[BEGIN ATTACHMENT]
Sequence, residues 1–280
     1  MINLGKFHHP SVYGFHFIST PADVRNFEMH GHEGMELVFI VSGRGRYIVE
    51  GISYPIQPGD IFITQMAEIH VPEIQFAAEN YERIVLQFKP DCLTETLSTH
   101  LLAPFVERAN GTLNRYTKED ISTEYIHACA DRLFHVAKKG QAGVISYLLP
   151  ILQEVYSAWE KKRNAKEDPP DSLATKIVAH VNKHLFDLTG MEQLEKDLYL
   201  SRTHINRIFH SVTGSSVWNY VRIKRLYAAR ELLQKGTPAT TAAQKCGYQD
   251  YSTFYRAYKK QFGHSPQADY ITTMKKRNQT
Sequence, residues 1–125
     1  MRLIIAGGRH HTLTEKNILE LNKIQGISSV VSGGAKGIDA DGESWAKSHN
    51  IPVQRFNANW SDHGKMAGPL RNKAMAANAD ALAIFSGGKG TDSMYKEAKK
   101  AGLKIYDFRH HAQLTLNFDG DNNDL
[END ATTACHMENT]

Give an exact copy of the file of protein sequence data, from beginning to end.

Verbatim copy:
Sequence, residues 1–280
     1  MINLGKFHHP SVYGFHFIST PADVRNFEMH GHEGMELVFI VSGRGRYIVE
    51  GISYPIQPGD IFITQMAEIH VPEIQFAAEN YERIVLQFKP DCLTETLSTH
   101  LLAPFVERAN GTLNRYTKED ISTEYIHACA DRLFHVAKKG QAGVISYLLP
   151  ILQEVYSAWE KKRNAKEDPP DSLATKIVAH VNKHLFDLTG MEQLEKDLYL
   201  SRTHINRIFH SVTGSSVWNY VRIKRLYAAR ELLQKGTPAT TAAQKCGYQD
   251  YSTFYRAYKK QFGHSPQADY ITTMKKRNQT
Sequence, residues 1–125
     1  MRLIIAGGRH HTLTEKNILE LNKIQGISSV VSGGAKGIDA DGESWAKSHN
    51  IPVQRFNANW SDHGKMAGPL RNKAMAANAD ALAIFSGGKG TDSMYKEAKK
   101  AGLKIYDFRH HAQLTLNFDG DNNDL